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1)

While the SqlDataReader is being used, the associated SqlConnection is busy serving the SqlDataReader, and no other operations can be performed on the SqlConnection other than closing it. This is the case until the Close method of the SqlDataReader is called. For example, you cannot retrieve output parameters until after you call Close.

If the above claim is true, then why is the following method able to retrieve a value from output parameter before the reader is closed:

    public int Something()
    {
        using (SqlConnection con = new SqlConnection(this.ConnectionString))
        {
            SqlCommand cmd = new SqlCommand("some_procedure", con);
            cmd.CommandType = CommandType.StoredProcedure;
            cmd.Parameters.Add("@ID", SqlDbType.Int).Direction = ParameterDirection.Output;
            con.Open();
            cmd.ExecuteReader();
            return (int)cmd.Parameters["@ID"].Value;
        }
    }

2)

You can reset the CommandText property and reuse the SqlCommand object. However, you must close the SqlDataReader before you can execute a new or previous command.

Why must you close sqldatareader before you execute new command?

thanx

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2  
For #1, you're posting the documentation very specific to SqlDataReader...yet that's not what you're using. This doesn't contradict the documentation, it's just not applicable. –  Nick Craver Apr 13 '10 at 19:38
1  
and where is the SqlDataReader? –  Claudio Redi Apr 13 '10 at 19:39
    
Damn it...a typo...I will correct it –  AspOnMyNet Apr 13 '10 at 19:40

2 Answers 2

In your first question, you are executing a NonQuery - therefore there is no reader to close before you get the output parameter.

For the second question, you just do. The command won't let you call another reader while one is open.

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I've asked before how the connection can "tell" that another DataReader is open.. never got answered.. –  Earlz Apr 13 '10 at 19:44
    
@Earlz - sorry, I have no idea how it does it. You need Jon Skeet :) –  cjk Apr 13 '10 at 19:45
    
I made a typo...see the edited post –  AspOnMyNet Apr 13 '10 at 19:46
    
@Earlz: any SqlCommand is associated with a connection object (con in your code). With your code, you can tell by looking at the cmd instantiation. (You could also have called con.CreateCommand btw.) Thus a command "knows" which connection it belongs to. Data reader objects are similarly tied to a command object. If you execute a command through ExecuteReader, you retrieve a data reader object. It "knows" which command it belongs to, and through the command it also "knows" its connection. A data reader can now tell the connection that it's open, and that will block the connection. –  stakx Apr 13 '10 at 19:58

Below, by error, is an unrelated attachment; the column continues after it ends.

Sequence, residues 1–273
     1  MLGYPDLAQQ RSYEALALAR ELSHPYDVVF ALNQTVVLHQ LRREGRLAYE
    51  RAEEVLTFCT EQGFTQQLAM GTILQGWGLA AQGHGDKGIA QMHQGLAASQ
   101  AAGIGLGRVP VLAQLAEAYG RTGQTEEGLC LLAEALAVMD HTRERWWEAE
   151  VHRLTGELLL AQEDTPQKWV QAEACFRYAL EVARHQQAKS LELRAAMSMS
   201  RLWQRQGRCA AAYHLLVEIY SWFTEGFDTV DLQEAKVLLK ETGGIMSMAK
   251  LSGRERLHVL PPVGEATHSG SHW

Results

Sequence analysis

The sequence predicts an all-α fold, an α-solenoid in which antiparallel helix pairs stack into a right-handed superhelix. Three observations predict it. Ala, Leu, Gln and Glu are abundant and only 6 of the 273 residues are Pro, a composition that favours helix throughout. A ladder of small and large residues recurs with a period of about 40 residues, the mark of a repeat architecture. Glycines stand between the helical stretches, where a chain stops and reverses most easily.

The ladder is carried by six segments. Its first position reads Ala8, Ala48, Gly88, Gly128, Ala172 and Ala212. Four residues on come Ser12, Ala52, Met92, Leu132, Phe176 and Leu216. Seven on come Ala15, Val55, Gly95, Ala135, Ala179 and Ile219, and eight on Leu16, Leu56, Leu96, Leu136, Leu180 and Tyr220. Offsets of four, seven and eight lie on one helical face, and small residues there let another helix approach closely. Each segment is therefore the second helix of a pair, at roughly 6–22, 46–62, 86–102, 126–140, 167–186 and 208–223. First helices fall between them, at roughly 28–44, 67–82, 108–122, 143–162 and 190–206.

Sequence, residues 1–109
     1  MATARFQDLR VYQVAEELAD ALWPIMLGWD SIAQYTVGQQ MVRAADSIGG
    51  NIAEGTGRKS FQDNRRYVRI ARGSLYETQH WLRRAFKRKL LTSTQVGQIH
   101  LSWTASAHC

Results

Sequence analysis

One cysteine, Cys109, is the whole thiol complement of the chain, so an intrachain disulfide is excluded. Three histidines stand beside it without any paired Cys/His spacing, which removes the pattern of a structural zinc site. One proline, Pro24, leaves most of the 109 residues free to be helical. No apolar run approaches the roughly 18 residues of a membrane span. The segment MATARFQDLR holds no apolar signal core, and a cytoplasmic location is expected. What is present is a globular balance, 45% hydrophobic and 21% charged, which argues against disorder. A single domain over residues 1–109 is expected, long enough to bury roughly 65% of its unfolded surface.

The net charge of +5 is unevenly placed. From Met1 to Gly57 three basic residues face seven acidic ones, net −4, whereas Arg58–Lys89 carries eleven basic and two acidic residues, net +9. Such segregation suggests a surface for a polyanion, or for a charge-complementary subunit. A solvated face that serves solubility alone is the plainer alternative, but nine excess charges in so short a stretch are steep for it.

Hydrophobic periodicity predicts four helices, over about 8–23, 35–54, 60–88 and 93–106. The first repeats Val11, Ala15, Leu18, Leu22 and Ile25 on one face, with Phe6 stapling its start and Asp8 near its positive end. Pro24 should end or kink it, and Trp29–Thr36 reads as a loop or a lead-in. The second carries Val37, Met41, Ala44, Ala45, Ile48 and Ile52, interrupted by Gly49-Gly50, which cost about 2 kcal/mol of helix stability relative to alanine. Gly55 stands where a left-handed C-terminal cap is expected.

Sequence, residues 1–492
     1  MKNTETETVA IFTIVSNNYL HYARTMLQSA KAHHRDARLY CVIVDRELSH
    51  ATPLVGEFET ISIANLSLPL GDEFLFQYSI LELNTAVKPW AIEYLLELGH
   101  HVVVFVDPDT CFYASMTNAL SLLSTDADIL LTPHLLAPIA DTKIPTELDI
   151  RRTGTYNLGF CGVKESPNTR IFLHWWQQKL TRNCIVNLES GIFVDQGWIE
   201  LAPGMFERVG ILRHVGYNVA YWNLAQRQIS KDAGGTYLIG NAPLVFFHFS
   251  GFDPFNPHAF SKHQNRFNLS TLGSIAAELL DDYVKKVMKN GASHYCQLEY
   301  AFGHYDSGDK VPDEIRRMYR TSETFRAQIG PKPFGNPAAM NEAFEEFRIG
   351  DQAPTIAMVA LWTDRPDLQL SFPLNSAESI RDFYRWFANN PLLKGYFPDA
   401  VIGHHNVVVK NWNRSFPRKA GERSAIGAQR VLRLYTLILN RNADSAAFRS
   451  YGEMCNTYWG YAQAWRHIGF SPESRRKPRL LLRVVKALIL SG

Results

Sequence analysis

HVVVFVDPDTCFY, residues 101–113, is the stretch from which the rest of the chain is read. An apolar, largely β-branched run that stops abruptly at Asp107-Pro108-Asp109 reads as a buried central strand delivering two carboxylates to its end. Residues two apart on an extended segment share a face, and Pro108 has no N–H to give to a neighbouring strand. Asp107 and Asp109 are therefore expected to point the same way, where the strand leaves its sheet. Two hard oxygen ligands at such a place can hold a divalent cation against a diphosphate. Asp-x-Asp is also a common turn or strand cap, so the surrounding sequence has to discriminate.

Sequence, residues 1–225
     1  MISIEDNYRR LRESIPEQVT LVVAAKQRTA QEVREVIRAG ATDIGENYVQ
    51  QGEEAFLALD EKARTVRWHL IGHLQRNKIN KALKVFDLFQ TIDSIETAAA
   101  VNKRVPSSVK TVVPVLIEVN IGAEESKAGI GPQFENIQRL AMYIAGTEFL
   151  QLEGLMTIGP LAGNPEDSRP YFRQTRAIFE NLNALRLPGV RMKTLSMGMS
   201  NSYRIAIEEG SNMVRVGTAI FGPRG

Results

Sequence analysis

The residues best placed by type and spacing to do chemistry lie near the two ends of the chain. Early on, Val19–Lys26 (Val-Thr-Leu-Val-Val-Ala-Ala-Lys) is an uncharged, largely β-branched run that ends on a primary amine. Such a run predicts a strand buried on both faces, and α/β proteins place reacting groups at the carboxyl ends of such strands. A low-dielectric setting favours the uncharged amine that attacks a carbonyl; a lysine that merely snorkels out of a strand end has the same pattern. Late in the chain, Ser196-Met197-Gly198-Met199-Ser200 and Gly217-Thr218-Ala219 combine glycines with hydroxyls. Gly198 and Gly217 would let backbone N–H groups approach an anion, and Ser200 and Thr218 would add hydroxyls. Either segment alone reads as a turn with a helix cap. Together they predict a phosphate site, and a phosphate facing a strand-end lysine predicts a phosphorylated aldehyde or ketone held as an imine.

@stakx but I mean. If you open a datareader on a connection and then assign all of the commands and datareaders associated with that connection to null, and try to open another datareader on it, it will throw an error. How does the connection itself know that a datareader is using it? (the connection, not the command) –  Earlz Apr 13 '10 at 20:10

Excuse me for stating it so directly, but you seem to not have a clear picture of what a data reader (System.Data.IDataReader) exactly is. So, let me demonstrate:

using System;
using System.Data;
using System.Data.SqlClient;

string connectionString = "...";

// create and open a DB connection:
using (IDbConnection connection = new SqlConnection(connectionString))
{
    connection.Open();

    // create a command object:
    using (IDbCommand query = connection.CreateCommand())
    {
        query.CommandType = CommandType.Text;
        query.CommandText = "SELECT ID, Name, Birthdate FROM SomeTable";

        // execute the query and retrieve a data reader object:
        using (IDataReader reader = query.ExecuteReader())
        {
            // the data reader is now used to read the query result:
            while (reader.Read())
            {
                int id = reader.GetInt32(0);
                string name = reader.GetString(1);
                DateTime birthdate = reader.GetDateTime(0);
            }
        }

        // at this point, the data reader object has been disposed.
        // the DB connection can now be used again, e.g. by issuing
        // another query:

        command.CommandText = "SELECT COUNT(*) FROM SomeOtherTable";
        ...
    }
}

Note: I have refrained from using var, so you see exactly what types are involved. (Note also btw. that I'm using mostly interface types like IDbConnection instead of concrete implementation classes such as SqlConnection. This makes the code more easily adaptable to other RDBMS.)

You can see now that in your code, you've never actually used a data reader. Therefore your code worked, because there was never an open data reader that could have "blocked" your DB connection in the first place.

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